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Robison: Traces of early artists

07/01/09 5:55PM By Olin Robison
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(HOST) Recent headlines have inspired commentator Olin Robison to revisit some of his ideas about prehistoric art - and early artists.  

(ROBISON) A few days ago it was announced that  Archaeologists in Europe recently found a five-hole flute in a cave in Southern Germany.    After subjecting it to radiocarbon dating they decided that the flute they found is at least 35,000 years old. They have also concluded that their finding was made either from the hollow wing bone of a mute swan or of a griffon vulture - there seems to be some argument about which one.  Now, just how they will determine which one is a mystery to me; but there it is.   

What it means is that the Neanderthals were fairly sophisticated types.  They are the humanoid creatures who walked parts of the Earth before homosapiens (that would be us) even arrived on the scene.  They not only drew pictures on the walls of their caves, but they also had musical instruments.  Wow!  I don't know if this floats your boat but it certainly does mine - as well, of course, of the scientific community in Europe.  This is, after all, pretty exciting stuff.

Some time back a three-hole flute was discovered - also in Southern Germany. It was deemed to have been used about 30,000 years ago.  But, alas, radiocarbon dating is not thought to be reliable for things older than that.  Someone in Germany created a replica of the three-hole instrument and discovered that it sounded pretty much like modern flutes.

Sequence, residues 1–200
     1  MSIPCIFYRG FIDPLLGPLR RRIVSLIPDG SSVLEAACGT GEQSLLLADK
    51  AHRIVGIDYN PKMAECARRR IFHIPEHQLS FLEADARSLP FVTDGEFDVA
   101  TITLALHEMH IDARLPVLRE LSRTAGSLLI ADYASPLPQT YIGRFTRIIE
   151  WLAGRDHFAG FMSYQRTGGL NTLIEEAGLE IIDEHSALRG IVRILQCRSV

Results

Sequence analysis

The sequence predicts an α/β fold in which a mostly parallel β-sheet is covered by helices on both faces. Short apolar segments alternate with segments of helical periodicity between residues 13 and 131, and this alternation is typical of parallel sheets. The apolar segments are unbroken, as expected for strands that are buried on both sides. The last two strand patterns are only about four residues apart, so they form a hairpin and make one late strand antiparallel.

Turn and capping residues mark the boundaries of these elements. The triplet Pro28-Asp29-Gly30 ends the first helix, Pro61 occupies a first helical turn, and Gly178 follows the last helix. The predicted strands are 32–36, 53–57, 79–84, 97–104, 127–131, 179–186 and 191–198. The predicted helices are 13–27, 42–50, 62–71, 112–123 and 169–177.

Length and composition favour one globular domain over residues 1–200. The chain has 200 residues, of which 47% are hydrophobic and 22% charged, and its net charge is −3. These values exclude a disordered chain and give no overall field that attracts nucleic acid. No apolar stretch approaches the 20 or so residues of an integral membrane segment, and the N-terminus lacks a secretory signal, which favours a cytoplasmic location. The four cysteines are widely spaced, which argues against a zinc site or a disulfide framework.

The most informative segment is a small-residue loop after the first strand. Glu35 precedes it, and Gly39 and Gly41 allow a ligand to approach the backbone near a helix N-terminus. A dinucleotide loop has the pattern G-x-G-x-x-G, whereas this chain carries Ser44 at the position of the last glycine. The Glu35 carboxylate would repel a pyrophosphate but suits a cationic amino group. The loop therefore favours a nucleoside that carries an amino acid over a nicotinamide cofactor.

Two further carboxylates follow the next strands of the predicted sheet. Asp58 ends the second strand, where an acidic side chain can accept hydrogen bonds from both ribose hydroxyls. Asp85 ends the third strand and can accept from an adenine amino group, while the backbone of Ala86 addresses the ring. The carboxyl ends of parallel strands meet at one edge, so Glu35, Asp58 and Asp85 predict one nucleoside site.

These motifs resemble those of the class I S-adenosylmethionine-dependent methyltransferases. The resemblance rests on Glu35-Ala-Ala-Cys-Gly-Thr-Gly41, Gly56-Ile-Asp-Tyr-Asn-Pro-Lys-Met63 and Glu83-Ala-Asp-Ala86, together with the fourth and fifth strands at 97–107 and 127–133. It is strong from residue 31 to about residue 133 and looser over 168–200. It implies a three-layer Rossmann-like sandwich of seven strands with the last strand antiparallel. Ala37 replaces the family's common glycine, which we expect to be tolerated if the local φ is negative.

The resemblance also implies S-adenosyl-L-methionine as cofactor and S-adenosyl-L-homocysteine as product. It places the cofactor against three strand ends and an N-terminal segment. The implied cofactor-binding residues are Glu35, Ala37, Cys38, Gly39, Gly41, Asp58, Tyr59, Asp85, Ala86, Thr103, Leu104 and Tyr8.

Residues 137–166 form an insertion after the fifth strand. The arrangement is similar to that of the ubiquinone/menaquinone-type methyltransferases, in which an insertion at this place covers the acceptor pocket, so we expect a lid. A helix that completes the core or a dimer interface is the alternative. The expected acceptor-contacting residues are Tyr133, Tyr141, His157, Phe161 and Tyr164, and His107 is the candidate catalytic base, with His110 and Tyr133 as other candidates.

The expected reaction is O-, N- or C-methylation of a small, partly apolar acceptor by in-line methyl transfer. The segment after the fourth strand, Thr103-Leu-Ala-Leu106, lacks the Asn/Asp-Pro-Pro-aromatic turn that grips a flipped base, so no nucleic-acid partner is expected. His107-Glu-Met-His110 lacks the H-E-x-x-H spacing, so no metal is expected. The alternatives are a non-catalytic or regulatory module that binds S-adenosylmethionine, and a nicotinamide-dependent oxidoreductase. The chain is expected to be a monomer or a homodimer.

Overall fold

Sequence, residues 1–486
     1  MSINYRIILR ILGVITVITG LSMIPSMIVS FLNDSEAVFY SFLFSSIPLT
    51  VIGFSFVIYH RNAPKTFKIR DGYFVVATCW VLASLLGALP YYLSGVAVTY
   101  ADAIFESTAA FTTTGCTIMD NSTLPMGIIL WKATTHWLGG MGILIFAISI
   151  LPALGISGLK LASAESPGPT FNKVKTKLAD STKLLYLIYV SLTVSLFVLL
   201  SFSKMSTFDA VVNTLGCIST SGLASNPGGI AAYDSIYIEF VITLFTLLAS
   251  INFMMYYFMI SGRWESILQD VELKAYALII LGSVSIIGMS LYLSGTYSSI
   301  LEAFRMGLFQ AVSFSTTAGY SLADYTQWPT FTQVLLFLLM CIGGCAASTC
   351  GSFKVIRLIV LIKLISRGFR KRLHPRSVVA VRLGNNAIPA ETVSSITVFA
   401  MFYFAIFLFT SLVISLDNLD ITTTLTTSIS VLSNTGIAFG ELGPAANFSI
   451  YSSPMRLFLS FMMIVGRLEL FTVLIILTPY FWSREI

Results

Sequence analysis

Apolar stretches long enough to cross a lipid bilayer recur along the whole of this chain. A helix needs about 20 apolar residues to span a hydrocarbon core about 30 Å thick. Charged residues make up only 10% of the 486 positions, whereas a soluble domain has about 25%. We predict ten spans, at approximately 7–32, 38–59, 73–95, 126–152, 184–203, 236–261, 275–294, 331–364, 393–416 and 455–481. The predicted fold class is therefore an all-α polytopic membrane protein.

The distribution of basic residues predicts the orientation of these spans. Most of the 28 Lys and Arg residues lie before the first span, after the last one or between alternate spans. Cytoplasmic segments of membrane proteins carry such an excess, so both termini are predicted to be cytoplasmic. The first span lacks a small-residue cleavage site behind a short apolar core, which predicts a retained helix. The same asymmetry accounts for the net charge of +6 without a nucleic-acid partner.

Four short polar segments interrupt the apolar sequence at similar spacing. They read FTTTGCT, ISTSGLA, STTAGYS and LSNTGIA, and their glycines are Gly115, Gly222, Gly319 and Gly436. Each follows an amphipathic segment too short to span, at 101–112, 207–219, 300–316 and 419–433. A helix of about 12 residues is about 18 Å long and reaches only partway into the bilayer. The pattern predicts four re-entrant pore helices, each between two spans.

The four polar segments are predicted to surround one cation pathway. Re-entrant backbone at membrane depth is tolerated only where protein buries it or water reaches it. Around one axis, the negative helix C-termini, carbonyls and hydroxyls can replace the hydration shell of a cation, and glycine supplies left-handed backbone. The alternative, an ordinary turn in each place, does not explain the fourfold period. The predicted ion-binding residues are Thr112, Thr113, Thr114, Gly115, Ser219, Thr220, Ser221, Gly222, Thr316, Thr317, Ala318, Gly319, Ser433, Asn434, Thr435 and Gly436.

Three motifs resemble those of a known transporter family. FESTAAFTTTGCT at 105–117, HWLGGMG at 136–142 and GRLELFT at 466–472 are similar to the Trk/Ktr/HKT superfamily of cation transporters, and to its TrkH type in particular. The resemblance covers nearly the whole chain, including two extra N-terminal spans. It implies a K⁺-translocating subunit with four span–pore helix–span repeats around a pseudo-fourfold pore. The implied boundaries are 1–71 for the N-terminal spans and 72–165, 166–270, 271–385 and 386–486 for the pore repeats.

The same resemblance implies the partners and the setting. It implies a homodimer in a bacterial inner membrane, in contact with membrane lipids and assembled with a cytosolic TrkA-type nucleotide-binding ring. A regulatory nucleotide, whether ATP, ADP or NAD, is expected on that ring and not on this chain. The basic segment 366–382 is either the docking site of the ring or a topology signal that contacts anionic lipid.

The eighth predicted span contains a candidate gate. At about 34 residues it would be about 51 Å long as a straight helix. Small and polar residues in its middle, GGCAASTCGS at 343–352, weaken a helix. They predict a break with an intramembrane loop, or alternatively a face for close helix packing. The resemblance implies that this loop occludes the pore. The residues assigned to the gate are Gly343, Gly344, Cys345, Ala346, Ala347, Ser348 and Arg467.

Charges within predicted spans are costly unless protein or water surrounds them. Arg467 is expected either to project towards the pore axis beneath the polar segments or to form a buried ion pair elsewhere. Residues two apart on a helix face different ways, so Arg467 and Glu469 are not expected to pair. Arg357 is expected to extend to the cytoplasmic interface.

Almost everything we know or think about these prehistoric creatures is of course conjecture.  But discoveries like this really do fuel the imagination.  It is relatively easy now to think of a group of Neanderthals - perhaps celebrating a successful hunt - sitting around of an evening in their cave listening to music.  Oh, I know that I made that up.  But why not?  After all, someone had to be first.  Perhaps it was them. Who knows?

Today, we can enjoy music whenever we want.  But it wasn't all that long ago (a couple of hundred years) that most music was performed only once and the only beneficiaries were those physically present - either the royals or the very rich.  And even they had no electronic devices of any kind.  We are indeed lucky.  Occasionally I want to jump and shout - as is occasionally done in some evangelical churches - and say "Thank you, Jesus".

Listening to music is, for some of us, a truly transcendent experience - or at least sometimes that is true.  And then, if we want, we can go out and get a recording of what we have just heard.  No one is suggesting that the Neanderthals could have done that; but at least some of them - we now know- were able from time to time to hear the real thing.
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